There’s a lot of opportunity in the B2B mobile space, especially for those companies offering valuable on-demand mobile services to startups and SMBs — like Urban Airship, for example. Businesses large and small often don’t have the resources to build or offer a mobile-centric CRM solution for their apps, and it likely will cost them less to integrate third-party services than build it themselves. You could see this kind of mobile CRM service being attractive to game companies, allowing them to easily answer questions and provide documentation for gamers using their platforms.

As for the appeal for someone actually running a mobile-first business, Astrid founder and CEO Jon Paris tells us that, any way you slice it, mobile customer support is critical to avoid long, wandering emails and negative ratings in app markets. Being able to offer an FAQ that loads asynchronously so that already frustrated users don’t have to wait for a mobile website to load or struggle with slow search over spotty WiFi connections has value for any business trying to provide a consistent mobile (customer) experience.

Astrid had tried many support forums and tools but the problem with using WordPress (WPTouch) plugins, GetSatisfaction and others, he said, was that FAQ pages were slow to navigate and impossible to reach offline, so feature requests would get confused with bug reports, which became a mess to manage. Being able to offer type-in support requests from a mobile keyboard or to attach screenshots of bugs keeps feedback brief and to the point — and also visual (something anyone who has managed or used feedback can appreciate, he said).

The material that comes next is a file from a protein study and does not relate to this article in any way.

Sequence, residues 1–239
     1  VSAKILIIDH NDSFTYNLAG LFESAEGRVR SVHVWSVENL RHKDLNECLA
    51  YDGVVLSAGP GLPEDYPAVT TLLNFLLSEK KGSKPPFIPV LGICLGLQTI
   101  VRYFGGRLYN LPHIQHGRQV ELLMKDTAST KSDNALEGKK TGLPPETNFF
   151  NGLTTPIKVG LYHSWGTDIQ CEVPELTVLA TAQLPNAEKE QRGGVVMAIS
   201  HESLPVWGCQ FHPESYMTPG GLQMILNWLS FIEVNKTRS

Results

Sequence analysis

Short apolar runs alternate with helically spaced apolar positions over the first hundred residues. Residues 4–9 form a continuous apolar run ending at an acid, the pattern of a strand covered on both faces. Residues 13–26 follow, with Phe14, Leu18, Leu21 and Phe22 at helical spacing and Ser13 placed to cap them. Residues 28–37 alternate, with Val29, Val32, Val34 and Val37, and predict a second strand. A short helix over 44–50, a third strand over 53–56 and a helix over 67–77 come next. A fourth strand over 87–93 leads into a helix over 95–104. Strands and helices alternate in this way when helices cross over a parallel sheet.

“It’s allowed the Astrid team to focus on product insights and less on answering the same questions over and over again, and once they releases Android support, we’re migrating everything over to Helpshift,” Paris said.

More than a few mobile developers are justifiably worried that they’re missing a lot of feedback from customers who don’t even make it to the “Developer Support” page in iTunes — and many simply manage customer support for their products via labels in Gmail. By taking away some of the friction between end users and customer support teams and giving businesses and making it direct, Helpshift could help developers reduce the number of negative reviews and comments posted in app stores. And that right there is money in the bank.

More on Helpshift at home here.